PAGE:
Negotiators are closing in on a deal to keep the money-losing New York City Off-Track Betting Corp. alive for another year, but last-minute sticking points have been jamming up a final agreement the past 24 hours.
Terms being negotiated would permit the nation’s largest OTB to cut its statutory payments to racetracks and others by 15% over the coming year. Numbers have floated wildly, but negotiators say the percentage could translate to $10 million or more in lower-than-expected industry payments from the OTB.
By nightfall, sources said the OTB talks were again facing mounting obstacles. Tracks and horsemen, whose purses would dip under the deal, were fighting both the 15% cut and a drop in "maintenance of effort’’ funding and "dark day’’ payments the OTB makes to tracks as part of a decade-old deal permitting OTBs to simulcast out-of-state Thoroughbred races at night.
To entice racetrack opponents, officials in the Paterson administration were floating plans to permit tracks to extend the number of hours VLT casinos could remain open and to permit electronic table games at the facilities. But some tracks say the sweeteners still don’t make up for the loss in OTB payments.
Moreover, negotiators have moved beyond just a rescue effort for NYCOTB and want to lower payments all OTBs in the state have to make to racetracks.
Paterson will formally propose his OTB bailout measure on April 14.
Another plan on the table calls for diverting of unclaimed winnings by OTB bettors -- upwards of $7 million or so -- from the state’s general fund to OTBs. Some Senate sources privately called that a direct bailout by the state that removes money the state uses as revenues for its budget – at a time of soaring red ink in New York’s fiscal plan.
Sources said part of the money NYCOTB will save will go to an incentive program to get hundreds of the 1,300 workers at the OTB to retire.
While the New York Racing Association would also see reduced revenue-sharing payments from the OTB, NYRA would be in line for an infusion of $17 million in cash from a government-backed loan. The $17 million would come from a $250 million borrowing program the state envisions providing capital backing for a future operator of the long-stalled Aqueduct casino project.
Government officials said the $17 million would provide enough funds to largely resolve NYRA’s cash flow problems. NYRA has said it could face running out of money this summer.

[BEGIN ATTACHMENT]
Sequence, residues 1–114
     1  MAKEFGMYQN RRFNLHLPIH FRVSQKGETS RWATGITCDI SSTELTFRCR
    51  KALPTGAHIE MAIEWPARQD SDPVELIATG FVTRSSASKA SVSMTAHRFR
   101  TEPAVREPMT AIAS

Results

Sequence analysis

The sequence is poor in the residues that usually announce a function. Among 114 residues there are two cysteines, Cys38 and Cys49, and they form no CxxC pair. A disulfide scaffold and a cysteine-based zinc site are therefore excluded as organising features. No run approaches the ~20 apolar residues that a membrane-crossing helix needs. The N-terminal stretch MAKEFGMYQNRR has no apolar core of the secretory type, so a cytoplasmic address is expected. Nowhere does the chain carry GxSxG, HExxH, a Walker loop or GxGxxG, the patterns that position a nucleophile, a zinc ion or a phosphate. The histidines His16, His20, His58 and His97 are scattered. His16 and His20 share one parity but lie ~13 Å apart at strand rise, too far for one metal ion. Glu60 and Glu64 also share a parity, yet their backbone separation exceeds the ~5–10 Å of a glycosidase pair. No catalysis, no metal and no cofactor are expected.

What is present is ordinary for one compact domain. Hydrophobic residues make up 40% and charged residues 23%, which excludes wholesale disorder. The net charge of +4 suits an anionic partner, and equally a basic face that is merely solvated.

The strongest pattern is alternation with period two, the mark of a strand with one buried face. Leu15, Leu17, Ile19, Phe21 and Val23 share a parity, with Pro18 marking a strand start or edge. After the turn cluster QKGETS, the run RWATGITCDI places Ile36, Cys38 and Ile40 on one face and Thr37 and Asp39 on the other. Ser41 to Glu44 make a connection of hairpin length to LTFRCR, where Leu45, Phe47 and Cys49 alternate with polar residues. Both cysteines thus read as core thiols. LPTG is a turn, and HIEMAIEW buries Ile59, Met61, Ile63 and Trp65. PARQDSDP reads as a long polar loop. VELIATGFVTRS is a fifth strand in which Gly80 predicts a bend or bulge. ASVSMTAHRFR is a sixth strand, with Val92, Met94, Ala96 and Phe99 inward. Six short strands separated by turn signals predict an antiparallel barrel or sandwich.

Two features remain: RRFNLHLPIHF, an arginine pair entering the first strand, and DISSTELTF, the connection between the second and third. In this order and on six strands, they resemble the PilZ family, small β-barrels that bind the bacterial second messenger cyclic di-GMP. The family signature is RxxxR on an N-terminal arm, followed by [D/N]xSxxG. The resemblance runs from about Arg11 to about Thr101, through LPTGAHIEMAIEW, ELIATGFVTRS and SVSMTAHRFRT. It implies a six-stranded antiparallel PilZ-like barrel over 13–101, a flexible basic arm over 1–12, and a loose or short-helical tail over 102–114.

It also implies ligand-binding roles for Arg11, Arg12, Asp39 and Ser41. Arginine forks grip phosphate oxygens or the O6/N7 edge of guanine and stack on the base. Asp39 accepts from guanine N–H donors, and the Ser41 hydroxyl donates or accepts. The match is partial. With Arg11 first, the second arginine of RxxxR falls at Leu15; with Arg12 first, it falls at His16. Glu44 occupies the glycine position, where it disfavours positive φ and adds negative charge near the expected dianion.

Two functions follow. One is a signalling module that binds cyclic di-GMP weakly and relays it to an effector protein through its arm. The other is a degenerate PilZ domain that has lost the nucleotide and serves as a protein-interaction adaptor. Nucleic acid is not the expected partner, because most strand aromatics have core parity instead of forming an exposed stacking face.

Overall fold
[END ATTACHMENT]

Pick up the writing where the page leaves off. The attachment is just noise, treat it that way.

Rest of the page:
“It’s a little better for NYRA,’’ said Assembly Racing Committee Chairman Gary Pretlow.
Pretlow criticized a plan being pushed by the Paterson administration to save $40 million for the OTB in the coming year. “I don’t think horsemen or tracks should be forced to pay for New York City OTB’s horrific management,’’ Pretlow said.
Pretlow said NYCOTB has refused to cut more deeply its management ranks, or to move from what he said was its expensive headquarters space in Manhattan.
In the past 48 hours, the terms of the deal has moved from cutting NYCOTB’s statutory payments to the industry from 15% to 48% and now back to 15%. Officials warned that number could change again in the coming hours.
Despite talk of trying to get actual legislation passed April 13, lawmakers said that was looking increasingly impossible as the day went on. Either way, the final agreement will not resolve the OTB’s longstanding problems—or those facing other OTBs or the larger questions of destructive competition between OTBs and tracks. Instead, it will merely punt those long-term issues until a year from now and after a new governor takes office in January.
In the Democratic-led Senate, lawmakers expressed frustration about being part of an effort that would be perceived as bailing out a gambling enterprise at a time when the state is facing a $9.2 billion deficit with plans for deep cuts to schools, hospitals, and others.
But Senate Racing Committee Chairman Eric Adams insisted he convinced his Democratic colleagues that the measure is not a bailout. “This is tied to the New York state economy,’’ he said after a closed-door conference April 13 of Democratic senators in which the OTB issue consumed more than an hour of talks.
“We’re not there yet,’’ he said of a deal, but he predicted an agreement before the end of the day.
But Adams later in the day was not sounding so optimistic. "I’m not feeling so good now,’’ he said. He declined to elaborate, but one Senate source said Adams could face a tough time getting the NYCOTB bill out of his own committee unless major changes are made to the legislation.
“It’s a tough sell,’’ one Senate Democratic lawmaker said of the OTB rescue.
Union officials for NYCOTB workers were at the Capitol trying to get details on legislation to keep the OTB from shutting down later this week. NYCOTB officials had insisted the OTB was to have shut down April 11, but delayed the closing to give more time for negotiations this week.
OTB backers have described the entity as too big to fail, while some have suggested the gambling enterprise has been losing money for too long and that a shut-down would permit others, including possibly NYRA, to pick over its potential profitable operations, such as internet and phone wagering.
“We’re not bailing anyone out,’’ Pretlow said of a plan to move around industry proceeds and re-direct them to NYCOTB.
The OTB was taken over by the state in 2008 from the New York City government, which threatened to close down the OTB and its 60 or so parlors that year after facing insolvency. The OTB late last year filed for Chapter 9 bankruptcy protection.